- Cooking Time: 15
- Servings: 6
- Preparation Time: 5
- 3 cups water
- 1 teaspoon salt
- 2 tablespoons butter
- 1-2/3 cup yellow cornmeal, medium grind
- freshly crack black pepper to taste
- butter and sour cream (or yogurt, to feel more virtuous) for serving
- 1. Bring water to boil in a medium saucepan. Add salt and butter.
- 2. Begin stirring the water in one direction, sprinkling about 1/3 cup of the cornmeal into the depression that forms in the center. Once the water returns to the boil, pour in the rest of the cornmeal, stirring continuously to prevent clumps from forming. Turn heat to low and continue stirring until cornmeal begins to thicken.
- 3. Cover the pot and cook on low heat, stirring occasionally, for about 10 to 15 minutes. When it is done, the mamaliga will pull away from the sides of the pot. (A tip from Nicolae Klepper, author of Taste of Romania: Wet the handle of a wooden spoon and insert it into the center of the mixture, spinning it a few times. If it comes out clean, the mamaliga is done.)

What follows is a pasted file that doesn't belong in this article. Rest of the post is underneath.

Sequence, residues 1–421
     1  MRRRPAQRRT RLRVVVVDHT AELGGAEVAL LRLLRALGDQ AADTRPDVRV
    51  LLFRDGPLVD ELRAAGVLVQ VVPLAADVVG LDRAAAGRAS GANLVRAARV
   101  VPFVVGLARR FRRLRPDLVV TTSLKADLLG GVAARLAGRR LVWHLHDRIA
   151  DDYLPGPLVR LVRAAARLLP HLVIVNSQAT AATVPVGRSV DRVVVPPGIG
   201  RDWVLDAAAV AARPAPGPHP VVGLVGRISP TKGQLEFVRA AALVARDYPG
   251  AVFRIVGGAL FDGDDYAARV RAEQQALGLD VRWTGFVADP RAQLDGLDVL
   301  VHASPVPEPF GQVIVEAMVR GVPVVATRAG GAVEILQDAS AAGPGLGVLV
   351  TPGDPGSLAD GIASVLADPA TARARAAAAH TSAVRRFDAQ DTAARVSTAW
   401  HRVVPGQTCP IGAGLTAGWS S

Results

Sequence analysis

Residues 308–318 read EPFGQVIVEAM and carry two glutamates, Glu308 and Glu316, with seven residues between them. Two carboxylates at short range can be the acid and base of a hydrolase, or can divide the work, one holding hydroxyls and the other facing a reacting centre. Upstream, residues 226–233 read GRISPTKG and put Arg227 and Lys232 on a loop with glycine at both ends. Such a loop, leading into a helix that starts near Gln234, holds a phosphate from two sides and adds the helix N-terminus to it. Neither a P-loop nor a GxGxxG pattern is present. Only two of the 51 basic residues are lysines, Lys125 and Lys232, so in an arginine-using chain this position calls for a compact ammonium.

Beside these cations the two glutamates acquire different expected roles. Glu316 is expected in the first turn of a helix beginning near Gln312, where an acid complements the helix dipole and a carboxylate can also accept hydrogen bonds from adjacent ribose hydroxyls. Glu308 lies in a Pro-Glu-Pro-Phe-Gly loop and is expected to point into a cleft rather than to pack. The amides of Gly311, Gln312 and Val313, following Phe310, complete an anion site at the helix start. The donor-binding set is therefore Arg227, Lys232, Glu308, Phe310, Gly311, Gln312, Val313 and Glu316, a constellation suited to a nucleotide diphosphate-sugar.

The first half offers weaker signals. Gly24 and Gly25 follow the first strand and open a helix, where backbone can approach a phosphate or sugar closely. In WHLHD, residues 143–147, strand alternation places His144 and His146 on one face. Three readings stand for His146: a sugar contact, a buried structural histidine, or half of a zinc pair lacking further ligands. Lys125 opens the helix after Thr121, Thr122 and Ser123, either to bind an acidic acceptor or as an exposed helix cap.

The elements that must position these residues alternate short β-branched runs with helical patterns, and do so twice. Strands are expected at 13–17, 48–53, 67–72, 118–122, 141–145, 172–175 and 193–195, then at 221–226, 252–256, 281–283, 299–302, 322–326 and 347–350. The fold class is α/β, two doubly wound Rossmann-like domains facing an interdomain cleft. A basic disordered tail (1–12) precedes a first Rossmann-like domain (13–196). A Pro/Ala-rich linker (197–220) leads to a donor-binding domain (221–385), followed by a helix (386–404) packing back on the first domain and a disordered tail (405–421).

- 4. Invert the pan onto a wooden cutting board and carefully lift it away — the mamaliga should hold its shape, spreading out slightly. Slice into six wedges and top with butter and sour cream. (Note that as it cools, the mamaliga will harden.)
NotesIf "mamaliga" (mama-LEE-gah) is an unfamiliar dish to you, you're sure to know it by another of its names: polenta.
Mamaliga is the Romanian version of this staple and has been called the country's national dish. While the recipe itself is not revolutionary, the history behind mamaliga is fascinating. Cooked in a round-bottomed kettle called a "ceaun," the cornmeal porridge would be turned out into the center of the peasantry's wooden farm tables, where it hardened as it cooled, holding its rounded shape. Portions would be sliced off using a piece of string held taut, and pieces would be topped with butter and sour cream, or with cascaval cheese, a sheep's milk cheese similar to pecorino. After each meal the matriarch would scrub the table clean, and it's said that many a Romanian table is concave and shiny in the center, a testament to the daily tradition of eating mamaliga.
When making mamaliga, examine the piece served to you; any cracks that appear on the top of your portion indicate an unexpected journey lies ahead.
Grandma never made her creamed chicken without mamaliga to serve alongside it.